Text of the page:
“Speed and power athletes are the ones you want to pay attention to, because if they’re not aerobically fit, their ability to handle all those external stresses isn’t as good as somebody that’s very aerobically fit,” says Clark.
Student-athletes must also understand that what they are doing immediately prior to going to bed can dramatically influence the type of sleep they get.
When Conaty worked with Eastern Michigan basketball, he coached one player that could not achieve quick recovery in heart-rate variability, meaning that once he was stressed from an athletic performance standpoint, he could not recover fast enough to be ready for the next day.
The athlete swore up and down that he was getting eight hours per night. Conaty tested him with a sleep-monitoring system and found that he was indeed sleeping for eight hours. But, what they found was that just before this athlete would go to sleep at midnight, he would experience a dramatic stress response.
“We found that the blue light emitted by his phone and his TV while playing Xbox before bed was creating that stress response,” says Conaty. “This is where a prescription of eight hours’ sleep per night isn’t enough. We had to remove certain lights, remove playing Xbox for an hour before bed, and teach him to create his bedroom to be a place where every time he came into it, he knew it was a place to relax and sleep. No more using his computer or his phone in bed.”
After a few weeks of this new pattern – and working on relaxation and breathing techniques – Conaty saw the athlete’s HRV return to normal levels and improve.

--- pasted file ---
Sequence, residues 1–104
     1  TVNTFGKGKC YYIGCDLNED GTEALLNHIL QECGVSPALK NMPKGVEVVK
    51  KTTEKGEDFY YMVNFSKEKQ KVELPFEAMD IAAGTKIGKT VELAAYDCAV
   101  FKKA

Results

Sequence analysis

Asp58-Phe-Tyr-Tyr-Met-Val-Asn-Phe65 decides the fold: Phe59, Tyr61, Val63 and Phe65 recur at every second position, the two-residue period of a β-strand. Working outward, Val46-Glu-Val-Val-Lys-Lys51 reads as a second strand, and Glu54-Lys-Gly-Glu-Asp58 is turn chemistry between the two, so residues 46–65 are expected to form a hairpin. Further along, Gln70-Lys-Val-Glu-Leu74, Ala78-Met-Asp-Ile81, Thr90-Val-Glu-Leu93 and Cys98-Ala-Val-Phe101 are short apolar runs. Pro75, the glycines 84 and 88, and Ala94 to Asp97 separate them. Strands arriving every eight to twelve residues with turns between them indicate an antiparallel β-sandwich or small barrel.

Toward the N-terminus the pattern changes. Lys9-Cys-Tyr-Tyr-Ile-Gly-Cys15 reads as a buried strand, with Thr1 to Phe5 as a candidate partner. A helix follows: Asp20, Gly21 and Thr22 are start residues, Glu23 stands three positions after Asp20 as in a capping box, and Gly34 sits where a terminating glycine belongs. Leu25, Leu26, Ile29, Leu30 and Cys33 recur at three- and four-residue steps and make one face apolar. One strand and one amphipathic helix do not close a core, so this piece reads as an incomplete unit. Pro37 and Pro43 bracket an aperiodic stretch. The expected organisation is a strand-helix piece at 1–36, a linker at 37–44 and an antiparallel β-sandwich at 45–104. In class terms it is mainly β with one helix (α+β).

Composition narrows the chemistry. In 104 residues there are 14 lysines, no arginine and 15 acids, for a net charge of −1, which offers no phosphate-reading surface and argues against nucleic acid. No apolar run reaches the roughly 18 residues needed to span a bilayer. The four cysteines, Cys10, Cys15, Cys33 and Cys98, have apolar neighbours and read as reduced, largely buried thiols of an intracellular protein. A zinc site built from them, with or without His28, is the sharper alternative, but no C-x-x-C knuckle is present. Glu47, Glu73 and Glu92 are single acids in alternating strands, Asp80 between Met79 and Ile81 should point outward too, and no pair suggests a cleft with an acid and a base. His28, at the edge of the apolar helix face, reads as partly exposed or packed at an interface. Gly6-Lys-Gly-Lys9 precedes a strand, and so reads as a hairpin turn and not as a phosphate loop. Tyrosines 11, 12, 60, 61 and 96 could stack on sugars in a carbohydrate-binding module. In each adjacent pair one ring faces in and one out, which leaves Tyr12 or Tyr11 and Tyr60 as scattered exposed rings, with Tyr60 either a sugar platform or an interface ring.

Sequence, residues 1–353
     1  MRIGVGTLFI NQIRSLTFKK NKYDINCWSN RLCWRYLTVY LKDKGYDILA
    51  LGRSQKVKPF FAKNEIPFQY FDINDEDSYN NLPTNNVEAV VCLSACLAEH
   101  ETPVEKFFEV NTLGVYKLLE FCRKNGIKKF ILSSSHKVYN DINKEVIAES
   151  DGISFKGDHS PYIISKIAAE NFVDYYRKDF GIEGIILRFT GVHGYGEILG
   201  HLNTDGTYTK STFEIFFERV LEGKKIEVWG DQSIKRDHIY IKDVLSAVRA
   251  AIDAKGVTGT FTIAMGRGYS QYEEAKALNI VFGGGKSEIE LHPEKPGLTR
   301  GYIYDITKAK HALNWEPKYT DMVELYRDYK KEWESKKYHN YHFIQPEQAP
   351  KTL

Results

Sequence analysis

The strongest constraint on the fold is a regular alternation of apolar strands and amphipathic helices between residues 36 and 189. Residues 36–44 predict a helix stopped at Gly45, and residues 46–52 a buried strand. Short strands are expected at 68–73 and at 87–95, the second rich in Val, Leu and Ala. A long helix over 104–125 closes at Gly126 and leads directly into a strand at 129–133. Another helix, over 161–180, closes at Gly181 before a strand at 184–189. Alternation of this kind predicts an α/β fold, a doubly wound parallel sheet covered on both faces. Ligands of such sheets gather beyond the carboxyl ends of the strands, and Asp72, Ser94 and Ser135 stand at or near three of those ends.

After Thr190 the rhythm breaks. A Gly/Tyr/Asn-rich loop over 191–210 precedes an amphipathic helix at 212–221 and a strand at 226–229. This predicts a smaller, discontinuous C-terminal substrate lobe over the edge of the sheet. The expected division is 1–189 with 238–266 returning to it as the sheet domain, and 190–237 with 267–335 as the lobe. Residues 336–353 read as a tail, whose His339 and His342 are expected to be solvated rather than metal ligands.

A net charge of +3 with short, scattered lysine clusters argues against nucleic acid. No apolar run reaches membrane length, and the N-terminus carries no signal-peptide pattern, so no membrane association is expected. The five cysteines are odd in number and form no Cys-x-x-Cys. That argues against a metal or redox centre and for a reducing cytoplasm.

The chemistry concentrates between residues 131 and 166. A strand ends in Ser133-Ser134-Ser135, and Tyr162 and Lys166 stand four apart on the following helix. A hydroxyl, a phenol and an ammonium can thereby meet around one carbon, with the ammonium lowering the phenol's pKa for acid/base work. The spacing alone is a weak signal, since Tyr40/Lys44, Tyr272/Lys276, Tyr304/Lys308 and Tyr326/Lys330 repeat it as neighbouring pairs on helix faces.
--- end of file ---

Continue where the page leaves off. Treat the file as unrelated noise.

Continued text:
The normal every-day life of high school and college athletics can also put a dent in sleep patterns and abilities. Dave Cencer is coordinator of athletic performance for hockey at Ferris State University. He says that student-athletes want to please, especially at the collegiate level, so they’ll adhere to weight room recommendations, they’ll eat nutritious food, and they’re not afraid to work very hard on their sport.
“Where you run into issues is with sleep,” he says. “They have so many different things tugging at them. They get the tug of school work, friends, family, a social life, a girlfriend, they all pull them in different directions. A lot of times, sleep is the thing that gives out first. Unfortunately, it could be the most important thing in terms of helping them recover.”
When Cencer sits down with his athletes at the beginning of the season, he helps them wrap their heads around sleep hygiene using an incremental approach. He asks them to make a commitment to it. If they are getting seven hours of sleep per night right now, he asks them to get one more hour per night.
“On any given night, a single extra hour might not make a difference the next day,” he says. “But it starts to add up over the course of a week. If you look at one extra hour for seven days over a week, that’s seven extra hours of sleep. You’ve added an extra night’s sleep into just one week. The way you play on Saturday is going to be positively affected because you got one extra night of sleep that week.”